Tom Ward's A Departure (Amazon, Amazon.uk) is an apocalyptic novel set in the immediate aftermath of a celestial event wiping out over 2/3rds of humanity. The exact cause, and the extant of the death-event is never completely puzzled out, but it struck me as almost a Darwin's Radio meets death-ray event because survival seemed to cluster within families.
Tom Ward (per his Amazon bio) is a 23 year-old British writer and winner of the 2012 GQ Norman Mailer Student Writing Award. He writes for Huffington Post and Sabotage Times. Released by the small press Crooked Cat Publishing of the U.K., this is his first novel.
The novel starts off very shortly after the fast acting, death dealing cosmic event. It appears to have been a one time event, or at least occurring over a very short period of time. Society is immediately disrupted in the ensuing panic and basic services fall apart. While it is not as extreme as some others of the type, the author seems to be in common with many other British apocalyptic writers in presuming that a significant number of people will lose their cool, and become deadly sociopaths within hours, if not minutes of the event.
Our narrative view point (with a couple of odd momentary switches) is Michael, an 18 year old boy who has lost his family, and decides to set off for France under some vague sort of idea of finding his girlfriend. In a very nice touch, he stops off at his Grandfather's (Grandma died in "the event") and they have a last parting. His Grandfather, knowing his time his short, and unwilling to travel, packs him up with some supplies, and sends him off.
Michael precedes to wander down from somewhere around Hull (to an American's way of looking at it about half-way down their European-side coast from Scotland, south to London, picking up, and losing a variety of people as he moves along. Issues of mental health are often at the fore-front of the story, and a lot of the misbehavior seems to stem from people coming loose from their moorings. The group is in a bit of a haze, which is apparently why they don't pick up any of the nice weaponry (British style SA80 bullpup assault rifles) weaponry at times. I didn't keep close track of the passage of time, but most of the story seems to be occurring within about a 2 week period, and enough people have collapsed into instant corpse-dom, that scavenging is not much of a problem.
One odd item, the author is young, and the narrative point of view is primarily from an 18-year olds point of view. Characters who are older than 40 are generally viewed as doddering old timers, from which little can be expected. The older woman, who eventually comes into the story, is 21. It is a little like reading some of the science fiction of the 1960s or 1970s when a lot of writers were young, and exciting things could happen to youngsters. Apparently the young author is not aware that 40 is the new 30, and all that. He has a thin, and presumably healthy lady of 48 act as if she was a spinster.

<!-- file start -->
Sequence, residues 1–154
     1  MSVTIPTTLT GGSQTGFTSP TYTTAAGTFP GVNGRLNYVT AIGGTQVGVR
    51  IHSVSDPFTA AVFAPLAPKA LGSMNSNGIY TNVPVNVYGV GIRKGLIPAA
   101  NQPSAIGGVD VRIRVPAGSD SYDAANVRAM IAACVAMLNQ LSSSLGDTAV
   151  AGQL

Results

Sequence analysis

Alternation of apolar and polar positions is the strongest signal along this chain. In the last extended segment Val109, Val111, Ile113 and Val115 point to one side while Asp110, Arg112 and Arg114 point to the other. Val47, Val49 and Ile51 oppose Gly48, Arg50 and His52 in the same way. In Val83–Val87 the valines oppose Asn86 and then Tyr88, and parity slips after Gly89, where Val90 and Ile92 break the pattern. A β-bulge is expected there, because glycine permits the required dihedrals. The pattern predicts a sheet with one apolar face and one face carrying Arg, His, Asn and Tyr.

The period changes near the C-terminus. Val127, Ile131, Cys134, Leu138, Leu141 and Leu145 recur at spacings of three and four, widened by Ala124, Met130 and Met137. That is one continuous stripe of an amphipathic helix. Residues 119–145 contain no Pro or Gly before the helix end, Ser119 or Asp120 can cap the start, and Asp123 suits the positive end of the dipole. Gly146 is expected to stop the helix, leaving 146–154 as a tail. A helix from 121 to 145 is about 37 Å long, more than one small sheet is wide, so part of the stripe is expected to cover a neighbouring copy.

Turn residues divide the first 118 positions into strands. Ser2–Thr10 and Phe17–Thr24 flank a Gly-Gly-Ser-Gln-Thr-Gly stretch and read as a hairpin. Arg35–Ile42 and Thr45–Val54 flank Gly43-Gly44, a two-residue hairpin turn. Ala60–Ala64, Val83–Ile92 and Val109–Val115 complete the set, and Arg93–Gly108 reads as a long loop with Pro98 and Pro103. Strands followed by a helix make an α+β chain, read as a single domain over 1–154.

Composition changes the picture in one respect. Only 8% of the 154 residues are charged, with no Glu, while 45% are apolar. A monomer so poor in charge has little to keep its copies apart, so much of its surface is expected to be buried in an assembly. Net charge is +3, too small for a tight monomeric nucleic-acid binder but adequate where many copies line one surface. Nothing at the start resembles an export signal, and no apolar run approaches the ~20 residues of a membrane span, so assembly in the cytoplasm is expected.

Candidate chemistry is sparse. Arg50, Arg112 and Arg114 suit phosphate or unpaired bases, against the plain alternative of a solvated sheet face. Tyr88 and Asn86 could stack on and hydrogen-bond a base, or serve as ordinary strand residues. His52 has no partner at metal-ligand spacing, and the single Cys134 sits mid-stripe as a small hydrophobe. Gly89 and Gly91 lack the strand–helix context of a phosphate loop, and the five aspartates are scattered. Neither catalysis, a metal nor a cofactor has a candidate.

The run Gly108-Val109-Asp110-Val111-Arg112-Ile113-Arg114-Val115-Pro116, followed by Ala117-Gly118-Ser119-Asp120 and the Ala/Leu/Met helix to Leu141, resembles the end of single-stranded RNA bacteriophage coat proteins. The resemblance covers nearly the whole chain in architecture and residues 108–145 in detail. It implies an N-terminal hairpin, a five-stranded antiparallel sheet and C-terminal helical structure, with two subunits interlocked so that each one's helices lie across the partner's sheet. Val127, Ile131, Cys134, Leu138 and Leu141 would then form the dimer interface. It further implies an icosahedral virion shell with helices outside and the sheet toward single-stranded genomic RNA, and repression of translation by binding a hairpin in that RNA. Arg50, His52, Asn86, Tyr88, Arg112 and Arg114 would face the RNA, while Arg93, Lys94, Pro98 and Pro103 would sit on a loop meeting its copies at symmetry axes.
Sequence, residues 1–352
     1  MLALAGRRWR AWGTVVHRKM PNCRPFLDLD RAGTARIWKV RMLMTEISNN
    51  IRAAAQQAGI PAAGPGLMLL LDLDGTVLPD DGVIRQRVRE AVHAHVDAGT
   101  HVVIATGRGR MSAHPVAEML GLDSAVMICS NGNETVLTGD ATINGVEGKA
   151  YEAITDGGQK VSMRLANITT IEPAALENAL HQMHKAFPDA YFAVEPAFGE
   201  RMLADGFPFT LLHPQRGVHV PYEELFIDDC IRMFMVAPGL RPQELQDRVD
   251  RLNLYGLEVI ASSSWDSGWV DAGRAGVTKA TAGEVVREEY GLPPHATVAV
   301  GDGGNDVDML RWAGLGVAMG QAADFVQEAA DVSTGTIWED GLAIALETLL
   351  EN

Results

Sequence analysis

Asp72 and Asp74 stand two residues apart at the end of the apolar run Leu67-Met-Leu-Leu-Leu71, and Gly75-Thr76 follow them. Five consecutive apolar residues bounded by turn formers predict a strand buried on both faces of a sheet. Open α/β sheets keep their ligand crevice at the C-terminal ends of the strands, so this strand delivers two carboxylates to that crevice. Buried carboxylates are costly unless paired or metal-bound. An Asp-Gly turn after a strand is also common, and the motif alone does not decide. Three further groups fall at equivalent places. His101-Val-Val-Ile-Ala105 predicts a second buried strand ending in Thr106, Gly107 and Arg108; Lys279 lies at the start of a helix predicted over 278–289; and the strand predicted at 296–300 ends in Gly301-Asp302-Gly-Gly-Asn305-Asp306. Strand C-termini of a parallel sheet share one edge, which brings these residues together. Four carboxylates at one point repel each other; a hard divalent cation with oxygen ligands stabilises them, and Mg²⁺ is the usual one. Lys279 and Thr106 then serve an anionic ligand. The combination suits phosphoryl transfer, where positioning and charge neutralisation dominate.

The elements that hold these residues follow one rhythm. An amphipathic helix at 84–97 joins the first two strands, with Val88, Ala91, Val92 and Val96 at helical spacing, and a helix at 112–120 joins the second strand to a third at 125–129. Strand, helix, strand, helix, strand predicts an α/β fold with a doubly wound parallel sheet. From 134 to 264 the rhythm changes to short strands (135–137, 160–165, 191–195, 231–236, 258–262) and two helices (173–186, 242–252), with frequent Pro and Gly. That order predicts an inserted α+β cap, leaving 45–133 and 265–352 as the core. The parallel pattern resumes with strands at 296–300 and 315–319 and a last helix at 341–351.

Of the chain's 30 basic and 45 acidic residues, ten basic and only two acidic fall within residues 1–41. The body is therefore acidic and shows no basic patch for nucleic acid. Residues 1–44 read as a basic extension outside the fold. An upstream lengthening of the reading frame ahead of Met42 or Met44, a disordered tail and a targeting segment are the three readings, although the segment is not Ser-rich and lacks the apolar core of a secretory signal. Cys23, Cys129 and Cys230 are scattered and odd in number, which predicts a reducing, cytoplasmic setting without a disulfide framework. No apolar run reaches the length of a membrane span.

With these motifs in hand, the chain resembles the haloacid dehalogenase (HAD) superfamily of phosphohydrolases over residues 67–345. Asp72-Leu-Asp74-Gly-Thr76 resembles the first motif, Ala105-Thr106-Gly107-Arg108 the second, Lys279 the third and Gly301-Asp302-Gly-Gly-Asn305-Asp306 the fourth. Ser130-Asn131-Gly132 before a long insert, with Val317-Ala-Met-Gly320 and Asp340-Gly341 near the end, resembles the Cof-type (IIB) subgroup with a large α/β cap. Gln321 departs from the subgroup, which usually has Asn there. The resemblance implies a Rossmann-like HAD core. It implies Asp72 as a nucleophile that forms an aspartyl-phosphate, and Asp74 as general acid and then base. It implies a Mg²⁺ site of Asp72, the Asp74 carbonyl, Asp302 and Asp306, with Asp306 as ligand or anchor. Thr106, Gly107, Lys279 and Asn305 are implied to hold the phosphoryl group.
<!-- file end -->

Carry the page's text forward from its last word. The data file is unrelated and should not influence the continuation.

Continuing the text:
Which also brings along the almost extreme binary nature of the people we meet along the way. They are either completely level headed, competent people (rare), or complete incompetent, and often half insane on top of it. The few people that are clearly bad guys, generally wind up being out of control incompetents. Michael, an 18 year old prone to queasiness at the site of blood, is able to more than adequately defend himself with a largish kitchen knife.
Did I like the story? Yes, overall I did. It is a little uneven at times, with author switching from loose descriptive styling, to an almost poetic rendering. The story doesn't have a whole lot of point to it other than wandering around in bedlam, but the odd cast of characters thrown together, makes it an interesting ramble through the back roads of England. It's not a "must read" , but I think is worthy of a qualified recommendation.
We now come to our two descriptive (not qualitative) ratings: 1 to 7 with 4 the mid-point and 7 high. Realism does not include the cause of the collapse or apocalypse, but is otherwise an assessment of how close to today's world is the setting. Could you imagine your friends, or families living through the situation. Readability is not literary merits, but literally how quick and painless of a read.
Realism is not all that straightforward here. Normally a novel in the here-and-now with a mostly action based pacing would be viewed as being highly realistic: particularly as we don't usually count the plausibility of the crises. The fact that people are losing their moorings, and going a little crazy is also a plus. But there is just a little too much convenience in their escapades. Too many usable cars with fuel and keys handy, too many (very) easily scavenged supplies left behind in grocery stores. Too much a lack of people around when it is convenient to the author's plot line. Granted, all of these failings are common to the genre, but issues of travel and supply come awfully close to pushing this novel into the front end of a cosy (by original definition) with lots of fast cars and freedom to go with your collapse: its a 5.
Readability is more straight forward. There are a few confusing dream sequences and some of the point of view shifting can be jarring, but there is no magical realism, and no obvious opaque psychology to confuse issues. It reads quickly: a non-literary 6.